Jesse O Super Reviewer
  • May 22, 2016
    Intelligent, powerfully executed, maturely conceived and unbelievably poignant-99 Homes is an uncommon film. Set against the 2008 housing market downturn, 99 Homes follows a young father in his attempts to hold on to his economically struggling family having lost his home in foreclosure. His foreclosure was one microcosm of an entire housing meltdown of the time-with an integral playing a ruthless real estate magnet-Rich Carver. He sons began working with Carver and must confront both the economic realities of the period, what it takes to survive- and the no holds barred mindset that just might lift him out of it-but at what cost? It's a film that builds slowly, but to immense effect-and proves to be incredibly intelligent, a family drama meets Wall Street meets the Big Short.
    Jeffrey M Super Reviewer
  • Dec 13, 2015
    In arguably my favourite film of 2015, the central story of "99 Homes" follows Dennis Nash (Andrew Garfield), his mother Lynn Nash (Laura Dern), and his son Conner Nash. They are evicted from their home by Rick Carver (Michael Shannon) of Carver Realty and they must move all of their belongings to a motel while they sort out their issues. Once Rick sees Dennis as more than an everyday man, he recruits him. Illegally legally doing their job, they scam the system to make more money than they should be on home foreclosures and side effects begin to ensue. This is one of the most brutally honest films I have seen in a very long time, and definitely in all of 2015. This is a very independent film that I think deserves a much broader audience. Andrew Garfield and especially Michael Shannon shine in their roles, bringing the necessary dramatic heft to the story that was needed. "99 Homes" not only shows what goes on in everyday life, but the brutality of it. I loved every single second of this film and it will definitely have me watching it multiple times. As I said before, this might be my favourite picture of 2015. Brilliantly written, extremely well-acted, and incredibly raw and true, this film is a work of brilliance in the art of film.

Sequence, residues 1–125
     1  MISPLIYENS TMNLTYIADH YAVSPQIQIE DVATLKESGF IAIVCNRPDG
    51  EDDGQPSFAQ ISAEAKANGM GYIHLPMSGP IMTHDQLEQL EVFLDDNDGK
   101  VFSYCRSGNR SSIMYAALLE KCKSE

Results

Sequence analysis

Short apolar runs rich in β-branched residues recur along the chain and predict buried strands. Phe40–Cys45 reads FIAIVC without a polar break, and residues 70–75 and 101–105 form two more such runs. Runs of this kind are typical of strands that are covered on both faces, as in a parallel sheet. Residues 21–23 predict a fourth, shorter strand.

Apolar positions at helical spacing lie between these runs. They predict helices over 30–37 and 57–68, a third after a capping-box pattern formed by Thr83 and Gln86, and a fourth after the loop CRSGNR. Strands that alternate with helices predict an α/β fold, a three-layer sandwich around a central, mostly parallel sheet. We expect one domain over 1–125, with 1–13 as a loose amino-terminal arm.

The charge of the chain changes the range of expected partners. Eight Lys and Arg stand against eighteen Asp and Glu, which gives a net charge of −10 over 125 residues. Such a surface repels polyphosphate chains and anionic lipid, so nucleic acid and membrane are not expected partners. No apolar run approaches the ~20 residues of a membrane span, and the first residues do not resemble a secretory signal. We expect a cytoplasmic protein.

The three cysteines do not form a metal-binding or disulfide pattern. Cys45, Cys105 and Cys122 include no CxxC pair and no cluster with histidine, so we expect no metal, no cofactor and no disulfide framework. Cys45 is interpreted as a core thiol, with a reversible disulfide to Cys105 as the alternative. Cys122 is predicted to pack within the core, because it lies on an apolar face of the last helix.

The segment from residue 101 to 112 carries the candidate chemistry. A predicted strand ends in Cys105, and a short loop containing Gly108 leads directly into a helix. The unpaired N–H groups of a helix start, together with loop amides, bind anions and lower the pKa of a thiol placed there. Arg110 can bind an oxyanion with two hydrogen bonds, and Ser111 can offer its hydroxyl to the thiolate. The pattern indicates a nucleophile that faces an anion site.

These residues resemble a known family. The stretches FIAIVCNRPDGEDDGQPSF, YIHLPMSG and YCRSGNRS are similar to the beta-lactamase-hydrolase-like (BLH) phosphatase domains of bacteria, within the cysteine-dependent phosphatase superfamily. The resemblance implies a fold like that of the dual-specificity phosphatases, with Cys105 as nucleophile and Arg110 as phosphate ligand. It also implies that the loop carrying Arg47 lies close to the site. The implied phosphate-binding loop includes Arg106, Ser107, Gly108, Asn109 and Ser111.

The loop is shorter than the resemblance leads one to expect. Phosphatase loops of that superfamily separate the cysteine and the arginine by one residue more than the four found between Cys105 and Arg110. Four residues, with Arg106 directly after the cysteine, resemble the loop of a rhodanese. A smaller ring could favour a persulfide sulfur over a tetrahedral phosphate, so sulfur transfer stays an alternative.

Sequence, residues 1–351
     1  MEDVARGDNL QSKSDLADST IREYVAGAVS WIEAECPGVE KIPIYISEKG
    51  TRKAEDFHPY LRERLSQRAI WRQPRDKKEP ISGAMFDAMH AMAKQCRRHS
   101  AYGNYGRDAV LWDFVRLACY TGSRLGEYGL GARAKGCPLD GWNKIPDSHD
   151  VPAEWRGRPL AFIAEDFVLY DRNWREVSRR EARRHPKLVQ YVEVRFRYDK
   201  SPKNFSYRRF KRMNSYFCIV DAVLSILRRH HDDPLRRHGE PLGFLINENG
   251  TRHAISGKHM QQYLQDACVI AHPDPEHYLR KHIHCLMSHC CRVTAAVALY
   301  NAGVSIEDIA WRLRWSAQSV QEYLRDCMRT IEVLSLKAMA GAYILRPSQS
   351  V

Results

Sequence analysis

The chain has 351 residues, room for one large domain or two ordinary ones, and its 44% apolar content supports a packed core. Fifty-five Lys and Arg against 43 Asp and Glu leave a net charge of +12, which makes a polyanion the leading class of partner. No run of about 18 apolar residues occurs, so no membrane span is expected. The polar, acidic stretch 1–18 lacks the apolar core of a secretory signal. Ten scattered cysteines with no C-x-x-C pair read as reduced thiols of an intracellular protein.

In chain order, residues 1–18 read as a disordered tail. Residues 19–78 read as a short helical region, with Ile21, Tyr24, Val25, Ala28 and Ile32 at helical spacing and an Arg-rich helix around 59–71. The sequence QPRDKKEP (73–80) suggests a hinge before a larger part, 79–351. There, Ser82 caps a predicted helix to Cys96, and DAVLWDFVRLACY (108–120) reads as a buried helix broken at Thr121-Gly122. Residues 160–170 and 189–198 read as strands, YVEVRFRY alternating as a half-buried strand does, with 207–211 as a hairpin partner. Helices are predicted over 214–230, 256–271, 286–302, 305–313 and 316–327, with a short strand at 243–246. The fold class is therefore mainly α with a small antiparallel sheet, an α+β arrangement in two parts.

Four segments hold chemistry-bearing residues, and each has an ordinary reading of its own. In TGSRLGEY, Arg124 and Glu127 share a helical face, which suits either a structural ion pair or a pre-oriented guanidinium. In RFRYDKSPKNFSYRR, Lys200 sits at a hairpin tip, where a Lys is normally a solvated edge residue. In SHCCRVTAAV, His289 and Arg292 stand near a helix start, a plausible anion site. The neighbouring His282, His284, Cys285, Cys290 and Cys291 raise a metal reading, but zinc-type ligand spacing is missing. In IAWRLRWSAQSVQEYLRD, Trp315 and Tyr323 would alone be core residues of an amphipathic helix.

KJ P Super Reviewer